Typically, in these incidents, dozens of persons–and sometimes hundreds, or even thousands–join together to barricade clinic entrances and exits. Often, they push their way into the clinics, then chain themselves to the furniture and equipment.
A widely used recent tactic is to inject toxic chemicals into the facility in the middle of the night. Acid to make staff and patients ill is sprayed into the clinic, where it seeps into carpets and furniture. The clinic is forced to shut down for days or weeks while it undergoes an expensive cleanup.
These are not peaceful protests. These attacks are more akin to assaults. The city manager of Falls Church, VA called them military assaults in testimony before the Labor Committee describing attacks on a clinic in his jurisdiction. Patients and staff were held hostage for hours while the police tried to restore order, and a police officer was injured in the melee.
The consequences of this kind of conduct are unacceptable. The constitution guarantees the right of a woman to end a pregnancy, but the violence and blockades are designed to make it impossible for women to exercise that right.
Already, 83 percent of the counties in this country have no abortion provider. As clinics are burned down and the doctors are intimidated, it becomes harder and harder for women to obtain a safe and legal abortion.
The violence and blockades hurt others too. Many of the targeted clinics offer a wide range of health services. When these clinics are bombed, burned, blockaded or invaded, all of their patients suffer.
The Blue Mountain Clinic in Missoula, MT, was totally destroyed by arson last March. The clinic offered abortions, but it also provided prenatal care and delivery, childhood immunizations, diagnosis and treatment of sexually transmitted diseases, and contraceptive services. Many patients traveled over a hundred miles to obtain health care from the clinic. Now, that community has lost access to these needed services.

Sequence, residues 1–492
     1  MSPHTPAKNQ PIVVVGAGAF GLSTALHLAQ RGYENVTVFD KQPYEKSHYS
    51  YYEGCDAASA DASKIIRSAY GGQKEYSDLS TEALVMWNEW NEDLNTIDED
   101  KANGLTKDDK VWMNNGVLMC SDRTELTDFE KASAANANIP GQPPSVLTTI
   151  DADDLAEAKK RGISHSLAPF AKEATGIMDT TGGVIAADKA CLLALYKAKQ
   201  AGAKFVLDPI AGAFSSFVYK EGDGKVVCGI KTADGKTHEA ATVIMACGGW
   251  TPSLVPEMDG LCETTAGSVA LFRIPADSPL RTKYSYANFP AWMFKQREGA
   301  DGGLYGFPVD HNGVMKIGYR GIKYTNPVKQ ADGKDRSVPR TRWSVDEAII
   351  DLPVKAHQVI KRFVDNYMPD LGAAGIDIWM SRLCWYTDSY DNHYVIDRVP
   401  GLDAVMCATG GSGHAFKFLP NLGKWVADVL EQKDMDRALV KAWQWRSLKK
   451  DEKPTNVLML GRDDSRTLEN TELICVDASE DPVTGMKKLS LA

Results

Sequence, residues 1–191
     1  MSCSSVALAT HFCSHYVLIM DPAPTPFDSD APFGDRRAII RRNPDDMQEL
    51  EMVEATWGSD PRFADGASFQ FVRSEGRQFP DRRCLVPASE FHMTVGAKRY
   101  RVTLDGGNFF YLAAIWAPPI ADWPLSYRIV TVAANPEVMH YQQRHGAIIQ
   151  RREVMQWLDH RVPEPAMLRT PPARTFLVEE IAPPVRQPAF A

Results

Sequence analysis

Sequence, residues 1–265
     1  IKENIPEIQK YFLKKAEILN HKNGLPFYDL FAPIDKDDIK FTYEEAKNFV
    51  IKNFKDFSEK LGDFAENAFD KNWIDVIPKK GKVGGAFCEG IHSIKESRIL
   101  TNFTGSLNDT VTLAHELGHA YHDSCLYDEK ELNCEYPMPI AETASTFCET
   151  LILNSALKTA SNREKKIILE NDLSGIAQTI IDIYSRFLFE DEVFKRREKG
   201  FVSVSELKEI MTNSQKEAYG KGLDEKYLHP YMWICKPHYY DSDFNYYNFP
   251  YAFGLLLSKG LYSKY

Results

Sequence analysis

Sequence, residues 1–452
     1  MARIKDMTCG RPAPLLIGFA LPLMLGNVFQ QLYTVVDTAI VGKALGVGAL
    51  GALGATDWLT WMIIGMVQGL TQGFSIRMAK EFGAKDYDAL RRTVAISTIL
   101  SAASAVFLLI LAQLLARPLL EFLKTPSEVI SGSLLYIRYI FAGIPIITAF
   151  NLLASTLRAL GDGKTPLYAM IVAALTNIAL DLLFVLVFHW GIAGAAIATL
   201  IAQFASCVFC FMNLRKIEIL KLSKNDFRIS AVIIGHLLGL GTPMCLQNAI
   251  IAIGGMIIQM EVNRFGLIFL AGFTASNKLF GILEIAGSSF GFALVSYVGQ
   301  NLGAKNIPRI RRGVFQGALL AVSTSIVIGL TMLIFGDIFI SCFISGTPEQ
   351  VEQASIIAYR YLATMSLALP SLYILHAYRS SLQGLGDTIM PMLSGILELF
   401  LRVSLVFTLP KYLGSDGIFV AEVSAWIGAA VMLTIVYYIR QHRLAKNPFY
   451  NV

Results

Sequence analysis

The perpetrators of this conduct believe that abortion is wrong, and they are entitled to their view. But no matter how strongly they feel, assaulting doctors and blockading and bombing clinics should not be tolerated.
This legislation is designed to prevent this reprehensible conduct and to ensure that it will be punished when it occurs.
It establishes a new Federal criminal offense prohibiting force, threat of force, physical obstruction, or destruction of property intended to interfere with access to pregnancy or abortion-related services. It also establishes the right to bring Federal civil suits to enjoin such conduct and to obtain damages to compensate the victims.
The language of the bill is drawn in part from Federal civil rights laws that prohibit force or threat of force to interfere with the exercise of other fundamental Federal rights–such as the right to vote, or to obtain Federal benefits, or to obtain housing without regard to race. Examples are found at 18 U.S.C. 245(b), and 42 U.S.C. 3631. Both of these laws were enacted as part of the Civil Rights Act of 1968.
The penalties in this bill are consistent with the penalties set forth in those laws: up to 1 year of imprisonment for the first offense; up to 3 years for subsequent offenses; up to 10 years if bodily injury results; and up to life in prison if death results.